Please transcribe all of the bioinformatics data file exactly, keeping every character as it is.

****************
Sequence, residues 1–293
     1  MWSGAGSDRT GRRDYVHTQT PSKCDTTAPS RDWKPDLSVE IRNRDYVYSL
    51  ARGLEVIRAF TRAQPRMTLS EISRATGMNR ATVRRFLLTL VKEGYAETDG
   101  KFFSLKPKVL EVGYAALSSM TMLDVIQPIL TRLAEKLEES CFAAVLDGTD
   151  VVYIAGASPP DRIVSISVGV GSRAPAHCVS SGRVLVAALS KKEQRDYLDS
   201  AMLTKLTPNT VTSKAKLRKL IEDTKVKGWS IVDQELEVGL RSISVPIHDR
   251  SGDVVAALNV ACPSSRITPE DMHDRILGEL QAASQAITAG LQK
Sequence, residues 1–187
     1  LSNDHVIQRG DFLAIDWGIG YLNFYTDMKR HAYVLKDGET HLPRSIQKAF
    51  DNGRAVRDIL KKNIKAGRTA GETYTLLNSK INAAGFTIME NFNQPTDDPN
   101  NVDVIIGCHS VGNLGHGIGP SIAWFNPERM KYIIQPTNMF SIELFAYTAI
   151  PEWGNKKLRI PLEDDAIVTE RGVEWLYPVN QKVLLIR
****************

Sequence, residues 1–293
     1  MWSGAGSDRT GRRDYVHTQT PSKCDTTAPS RDWKPDLSVE IRNRDYVYSL
    51  ARGLEVIRAF TRAQPRMTLS EISRATGMNR ATVRRFLLTL VKEGYAETDG
   101  KFFSLKPKVL EVGYAALSSM TMLDVIQPIL TRLAEKLEES CFAAVLDGTD
   151  VVYIAGASPP DRIVSISVGV GSRAPAHCVS SGRVLVAALS KKEQRDYLDS
   201  AMLTKLTPNT VTSKAKLRKL IEDTKVKGWS IVDQELEVGL RSISVPIHDR
   251  SGDVVAALNV ACPSSRITPE DMHDRILGEL QAASQAITAG LQK
Sequence, residues 1–187
     1  LSNDHVIQRG DFLAIDWGIG YLNFYTDMKR HAYVLKDGET HLPRSIQKAF
    51  DNGRAVRDIL KKNIKAGRTA GETYTLLNSK INAAGFTIME NFNQPTDDPN
   101  NVDVIIGCHS VGNLGHGIGP SIAWFNPERM KYIIQPTNMF SIELFAYTAI
   151  PEWGNKKLRI PLEDDAIVTE RGVEWLYPVN QKVLLIR